Thursday, August 9, 2007

Writing and Language Podcasts

This post is regularly updated. It gives a list of literary podcasts with the accompanying thoughts I have about them. Most reviews on these podcasts can be found under the label language, fiction, creative writing, or TWN (specifically about The Word Nerds) or Writing Show (specifically about the Writing Show).

7th Son (review, site, feed)
A thriller trilogy so compelling I couldn't stop listening.

University of Arizona: Intro to Language (review, site, feed)
Lecture series for undergraduate students to be had through iTunes U. You can subscribe to the feed, but it takes iTunes to lead you to the URL.

University of California San Diego: Language (review, site, feed)
A language course focusing on formal logic. Note that the first 7 lectures were not podcast.

Rhetoric 10 (Berkeley) (review, site, feed)
Daniel Coffeen tries a provocative approach to get you to know rhetoric, not just by learning it, but also by experience. Coffeen is not a regular university professor and the style and form of the course this is tangible and make a refreshing impact.

Oy Mendele! (review, site, feed)
A discontinued podcast ironically subtitled Jewish Media Conspiracy

Sonic Society (review, site, feed)
Podcast dedicated to audio drama. The style is very cartoonish - you have got to like that.

The Word Nerds (review, site, feed)
The ultimately relaxed podcast about language and why we say the things we do.

Writing Show (review, site, feed)
The podcast where writing is always the story. All angles and aspects on writing, getting published and making a buck out of your greatest passion.

Midwest Writer (review, site, feed)
Here is a podcast that will help you write your novel. Writer Jean Tennant takes you step by step through the process. There is nothing specifically Midwest about this, other than that Tennant is from the Midwest.

English 117s (Berkeley) (review, site, feed)
Lecturer Charles Altieri has a voice with frequent upper pitches. He is very passionately introducing the Shakespeare course, but the high squeak is tough to suffer on an MP3-player. I like the enthusiasm, I like how he explains we must read (at least twice) in order to understand. So I will stick around and accept the pitch.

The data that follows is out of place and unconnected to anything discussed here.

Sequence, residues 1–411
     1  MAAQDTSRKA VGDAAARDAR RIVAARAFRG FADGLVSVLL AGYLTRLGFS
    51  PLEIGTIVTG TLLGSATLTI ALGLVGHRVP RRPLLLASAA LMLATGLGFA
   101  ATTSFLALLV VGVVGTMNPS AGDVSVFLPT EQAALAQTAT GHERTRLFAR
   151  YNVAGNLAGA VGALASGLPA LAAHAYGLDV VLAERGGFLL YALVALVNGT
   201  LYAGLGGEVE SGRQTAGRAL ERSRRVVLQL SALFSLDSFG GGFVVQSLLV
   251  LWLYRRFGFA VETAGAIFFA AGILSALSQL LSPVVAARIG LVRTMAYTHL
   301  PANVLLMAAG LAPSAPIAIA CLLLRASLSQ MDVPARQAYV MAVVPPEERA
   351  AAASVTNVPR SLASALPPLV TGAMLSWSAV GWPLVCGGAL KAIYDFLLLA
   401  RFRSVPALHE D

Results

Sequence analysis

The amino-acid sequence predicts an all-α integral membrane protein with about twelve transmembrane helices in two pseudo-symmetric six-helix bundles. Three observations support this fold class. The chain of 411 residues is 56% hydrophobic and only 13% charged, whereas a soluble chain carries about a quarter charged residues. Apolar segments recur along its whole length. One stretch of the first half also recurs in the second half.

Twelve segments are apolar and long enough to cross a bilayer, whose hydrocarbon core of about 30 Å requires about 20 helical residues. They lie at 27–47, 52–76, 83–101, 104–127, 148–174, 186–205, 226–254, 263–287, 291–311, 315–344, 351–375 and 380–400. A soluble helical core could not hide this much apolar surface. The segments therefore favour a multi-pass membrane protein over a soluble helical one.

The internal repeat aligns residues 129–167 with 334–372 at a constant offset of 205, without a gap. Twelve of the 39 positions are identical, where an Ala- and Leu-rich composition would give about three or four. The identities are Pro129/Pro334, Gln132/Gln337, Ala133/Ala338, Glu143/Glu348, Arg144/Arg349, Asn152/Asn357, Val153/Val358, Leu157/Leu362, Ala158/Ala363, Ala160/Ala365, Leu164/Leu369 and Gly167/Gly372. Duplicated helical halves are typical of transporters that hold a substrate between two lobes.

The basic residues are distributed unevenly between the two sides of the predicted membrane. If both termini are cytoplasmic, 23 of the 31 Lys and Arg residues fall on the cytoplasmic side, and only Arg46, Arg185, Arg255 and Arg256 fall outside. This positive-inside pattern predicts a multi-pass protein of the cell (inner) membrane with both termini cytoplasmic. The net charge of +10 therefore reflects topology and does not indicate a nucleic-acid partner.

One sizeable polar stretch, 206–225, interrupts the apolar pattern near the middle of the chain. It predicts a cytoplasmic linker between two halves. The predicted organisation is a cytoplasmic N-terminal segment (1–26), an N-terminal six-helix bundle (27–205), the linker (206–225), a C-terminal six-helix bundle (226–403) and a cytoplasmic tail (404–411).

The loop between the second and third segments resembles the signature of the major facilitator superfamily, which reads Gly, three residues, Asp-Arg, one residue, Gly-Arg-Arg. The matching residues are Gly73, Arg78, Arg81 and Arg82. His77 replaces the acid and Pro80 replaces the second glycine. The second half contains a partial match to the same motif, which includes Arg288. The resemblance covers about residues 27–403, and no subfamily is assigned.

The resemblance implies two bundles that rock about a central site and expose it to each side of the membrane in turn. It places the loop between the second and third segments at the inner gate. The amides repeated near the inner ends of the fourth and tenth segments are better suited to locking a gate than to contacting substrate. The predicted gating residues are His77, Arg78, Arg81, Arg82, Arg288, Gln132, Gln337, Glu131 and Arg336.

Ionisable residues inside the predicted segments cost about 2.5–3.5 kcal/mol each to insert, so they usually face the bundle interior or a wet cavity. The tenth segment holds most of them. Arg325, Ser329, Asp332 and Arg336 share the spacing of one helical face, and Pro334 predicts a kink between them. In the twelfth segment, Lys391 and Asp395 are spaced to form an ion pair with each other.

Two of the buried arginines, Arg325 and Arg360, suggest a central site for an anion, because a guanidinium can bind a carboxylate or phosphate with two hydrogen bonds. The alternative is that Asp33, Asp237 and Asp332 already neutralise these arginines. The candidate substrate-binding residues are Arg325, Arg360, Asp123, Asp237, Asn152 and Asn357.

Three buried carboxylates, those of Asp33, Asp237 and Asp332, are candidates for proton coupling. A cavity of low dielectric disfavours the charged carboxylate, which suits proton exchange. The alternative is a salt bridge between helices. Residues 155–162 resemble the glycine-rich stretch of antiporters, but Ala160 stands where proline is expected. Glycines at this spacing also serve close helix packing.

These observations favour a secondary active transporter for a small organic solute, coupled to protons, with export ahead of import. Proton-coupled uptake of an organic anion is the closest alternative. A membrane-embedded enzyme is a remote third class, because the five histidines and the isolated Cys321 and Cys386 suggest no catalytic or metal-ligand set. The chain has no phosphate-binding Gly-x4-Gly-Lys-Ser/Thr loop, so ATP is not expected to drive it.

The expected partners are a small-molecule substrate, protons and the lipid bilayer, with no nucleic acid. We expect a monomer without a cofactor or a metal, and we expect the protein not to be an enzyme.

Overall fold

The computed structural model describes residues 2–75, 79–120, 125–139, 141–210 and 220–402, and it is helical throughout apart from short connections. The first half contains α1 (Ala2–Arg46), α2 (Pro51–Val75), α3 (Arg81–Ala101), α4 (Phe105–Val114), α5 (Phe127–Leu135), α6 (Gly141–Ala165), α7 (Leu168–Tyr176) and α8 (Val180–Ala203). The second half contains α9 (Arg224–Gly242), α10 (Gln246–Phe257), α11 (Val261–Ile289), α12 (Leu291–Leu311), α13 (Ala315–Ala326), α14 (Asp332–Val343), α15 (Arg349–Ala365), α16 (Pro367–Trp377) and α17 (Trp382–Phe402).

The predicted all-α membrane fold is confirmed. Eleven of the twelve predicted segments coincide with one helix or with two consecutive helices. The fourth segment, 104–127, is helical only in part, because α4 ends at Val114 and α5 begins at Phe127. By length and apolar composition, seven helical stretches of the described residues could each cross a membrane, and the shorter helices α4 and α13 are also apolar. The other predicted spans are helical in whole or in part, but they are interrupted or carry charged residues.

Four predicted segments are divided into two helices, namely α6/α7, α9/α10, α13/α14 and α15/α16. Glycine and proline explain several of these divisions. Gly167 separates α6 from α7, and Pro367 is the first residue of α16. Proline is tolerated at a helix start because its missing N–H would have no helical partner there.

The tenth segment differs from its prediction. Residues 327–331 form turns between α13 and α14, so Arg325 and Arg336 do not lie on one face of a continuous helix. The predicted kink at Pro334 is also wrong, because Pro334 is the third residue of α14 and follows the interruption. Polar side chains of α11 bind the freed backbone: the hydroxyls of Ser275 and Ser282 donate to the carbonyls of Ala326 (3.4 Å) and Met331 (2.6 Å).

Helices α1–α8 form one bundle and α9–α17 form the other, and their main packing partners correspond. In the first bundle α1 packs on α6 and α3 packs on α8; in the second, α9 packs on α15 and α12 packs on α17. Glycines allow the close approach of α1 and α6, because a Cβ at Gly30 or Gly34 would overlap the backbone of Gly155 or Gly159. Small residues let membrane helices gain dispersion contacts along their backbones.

Grammar Girl (review, site, feed)
Tips, tricks and short lessons about writing correctly.

Structure of English Words (Stanford) (review)
William Leben about the English Language

Tolkien Professor (review, site, feed)
Professor Corey Olsen from Washington College teaches the works by J.R.R. Tolkien in a way, as he claims, would have been approved by Tolkien himself.

2 comments:

M. said...

You might want to take a look at Latinum, the podcast for teaching spoken conversational Classical Latin. It has had over one million file downloads since it started up 12 months ago.
http://latinum.mypodcast.com

The man called Anne said...

Thank you, that is a very good point. I am aware of this podcast. It is part of a whole world of language podcasts that in general is the most successful of educational podcasts: the language learning podcasts. They come for many, many languages. I have tried several of them, but have not yet opened that niche for reviewing. If ever I do, I will tackle many of them and Latinum will certainly be one of them.
An outstanding resource for finding the podcasts is Open Culture.